The news: Cigna-owned telehealth firm MDLive released new data on its virtual primary care program, which first launched in January 2020, and now covers over 15 million members. The data shows how its virtual primary care program was able to capture patients who were otherwise not engaged in primary care:
- 70% of its preventative care patients said they didn't have a primary care visit in the 24 months prior to enrolling in MDLive’s program.
- Less than 25% of patients reported having a consistent primary care provider.
- And 68% of patients in the program had at least one chronic disease.
Why it’s worth watching: Primary care took a hard hit during the pandemic, and virtual care has done a good job plugging in some holes in provider revenues.
- As of late September 2020, fewer than one-third of US primary care practices reported patient volumes within 10% of pre-pandemic levels, per the Primary Care Collaborative.
- Telehealth-enabled primary care has been helping, and it’s even helped to reach new patients due to its convenience, accessibility, and affordability. For example, MDLive’s data also reported that 38% of its virtual primary care visits occurred outside of usual primary care office hours.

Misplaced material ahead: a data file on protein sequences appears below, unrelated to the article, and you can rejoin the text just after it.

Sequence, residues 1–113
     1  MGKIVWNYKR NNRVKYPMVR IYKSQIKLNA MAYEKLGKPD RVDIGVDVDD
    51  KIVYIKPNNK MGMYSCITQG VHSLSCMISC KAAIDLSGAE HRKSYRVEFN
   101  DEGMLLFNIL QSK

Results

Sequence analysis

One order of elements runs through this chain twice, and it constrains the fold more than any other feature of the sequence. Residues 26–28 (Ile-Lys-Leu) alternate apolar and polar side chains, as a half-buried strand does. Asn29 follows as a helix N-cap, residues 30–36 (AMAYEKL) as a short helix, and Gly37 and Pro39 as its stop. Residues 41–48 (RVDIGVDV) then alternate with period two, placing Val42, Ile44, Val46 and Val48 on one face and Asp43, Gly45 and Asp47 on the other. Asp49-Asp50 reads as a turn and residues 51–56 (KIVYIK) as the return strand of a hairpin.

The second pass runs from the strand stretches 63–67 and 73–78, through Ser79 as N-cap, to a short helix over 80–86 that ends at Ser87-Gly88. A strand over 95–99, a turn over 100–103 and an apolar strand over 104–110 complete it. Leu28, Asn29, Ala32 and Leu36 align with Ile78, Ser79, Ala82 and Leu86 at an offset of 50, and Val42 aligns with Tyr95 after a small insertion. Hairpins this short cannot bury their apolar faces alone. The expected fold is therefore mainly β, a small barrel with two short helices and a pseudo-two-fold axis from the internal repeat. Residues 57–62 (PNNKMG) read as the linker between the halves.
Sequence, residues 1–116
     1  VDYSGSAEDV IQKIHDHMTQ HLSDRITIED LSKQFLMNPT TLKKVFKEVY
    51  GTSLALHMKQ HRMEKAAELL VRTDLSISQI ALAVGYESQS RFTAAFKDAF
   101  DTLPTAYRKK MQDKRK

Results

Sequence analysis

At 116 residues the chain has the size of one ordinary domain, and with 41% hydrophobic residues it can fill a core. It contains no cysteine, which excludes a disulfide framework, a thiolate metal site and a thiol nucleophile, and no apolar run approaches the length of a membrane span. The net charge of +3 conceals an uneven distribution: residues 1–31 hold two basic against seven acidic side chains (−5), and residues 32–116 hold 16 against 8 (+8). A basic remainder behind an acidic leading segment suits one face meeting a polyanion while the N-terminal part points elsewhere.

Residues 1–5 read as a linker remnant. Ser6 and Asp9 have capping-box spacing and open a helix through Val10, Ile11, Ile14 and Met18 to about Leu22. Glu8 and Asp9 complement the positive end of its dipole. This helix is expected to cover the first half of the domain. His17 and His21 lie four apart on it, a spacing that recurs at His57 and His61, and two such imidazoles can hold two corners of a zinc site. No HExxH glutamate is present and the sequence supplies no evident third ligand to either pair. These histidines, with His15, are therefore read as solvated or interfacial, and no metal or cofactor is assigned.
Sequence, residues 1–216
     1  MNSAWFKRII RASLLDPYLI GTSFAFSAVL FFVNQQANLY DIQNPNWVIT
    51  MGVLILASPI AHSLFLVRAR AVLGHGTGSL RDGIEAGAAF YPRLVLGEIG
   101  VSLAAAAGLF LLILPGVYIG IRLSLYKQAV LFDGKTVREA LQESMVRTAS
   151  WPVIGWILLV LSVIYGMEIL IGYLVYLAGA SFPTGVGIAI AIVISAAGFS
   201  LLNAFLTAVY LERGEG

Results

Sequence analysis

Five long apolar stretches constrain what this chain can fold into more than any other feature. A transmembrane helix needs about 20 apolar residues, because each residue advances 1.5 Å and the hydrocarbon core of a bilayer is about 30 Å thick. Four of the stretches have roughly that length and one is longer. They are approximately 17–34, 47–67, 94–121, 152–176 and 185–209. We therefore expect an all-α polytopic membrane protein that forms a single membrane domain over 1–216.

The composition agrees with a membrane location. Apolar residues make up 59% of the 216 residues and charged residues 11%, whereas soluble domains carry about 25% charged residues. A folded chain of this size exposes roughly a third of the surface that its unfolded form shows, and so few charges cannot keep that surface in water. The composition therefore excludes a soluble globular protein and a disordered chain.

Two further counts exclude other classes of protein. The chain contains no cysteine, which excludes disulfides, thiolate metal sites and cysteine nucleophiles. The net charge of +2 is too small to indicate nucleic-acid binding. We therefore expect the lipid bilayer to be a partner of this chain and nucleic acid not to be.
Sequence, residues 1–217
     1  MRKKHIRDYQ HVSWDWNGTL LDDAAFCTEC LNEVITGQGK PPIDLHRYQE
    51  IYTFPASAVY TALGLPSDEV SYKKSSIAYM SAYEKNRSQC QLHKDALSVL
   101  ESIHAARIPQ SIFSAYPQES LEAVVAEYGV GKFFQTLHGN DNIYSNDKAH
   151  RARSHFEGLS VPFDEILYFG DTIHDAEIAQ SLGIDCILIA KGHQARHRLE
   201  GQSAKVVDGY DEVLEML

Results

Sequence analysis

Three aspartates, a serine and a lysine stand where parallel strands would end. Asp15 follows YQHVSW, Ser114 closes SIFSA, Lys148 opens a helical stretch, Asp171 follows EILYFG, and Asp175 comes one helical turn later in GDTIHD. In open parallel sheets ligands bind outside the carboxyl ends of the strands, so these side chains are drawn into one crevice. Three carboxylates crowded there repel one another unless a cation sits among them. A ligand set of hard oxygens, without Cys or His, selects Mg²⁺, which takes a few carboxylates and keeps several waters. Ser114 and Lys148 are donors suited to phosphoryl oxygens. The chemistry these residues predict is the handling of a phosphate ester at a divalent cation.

The trend: More and more digital health players are gaining traction in the US primary care space on the back of the pandemic:
- In March, primary care startup Crossover Health secured $168 million in a funding haul led by the likes of Amazon and LinkedIn. The company says it can help lower employers' healthcare costs by 15% via investing upfront in primary care services.
- Primary care startup Forward Health, which boasts a flat fee for service and tech-driven personalized care, scored a massive $225 million funding haul in March.
- Digital pharmacy startups Truepill expanded into virtual primary care in May, and is now operating around 50,000 primary care telehealth visits per week.
- And telehealth giants Teladoc and Amwell both saw demand for their virtual primary care services skyrocket amid the pandemic, according to the American Hospital Association.
The problem: Beyond the impacts of the pandemic, virtual primary care has the potential to address the growing shortage of primary care providers and combat rising healthcare spending—but virtual primary care alone is not sustainable long-term.
Most consumers say they prefer in-person visits post pandemic, according to a recent Kyruus survey of 1,000 US adults. Moreover, telehealth claims have dropped off as vaccination rates picked up—which means consumers will likely be more inclined to opt for in-person and hybrid care options.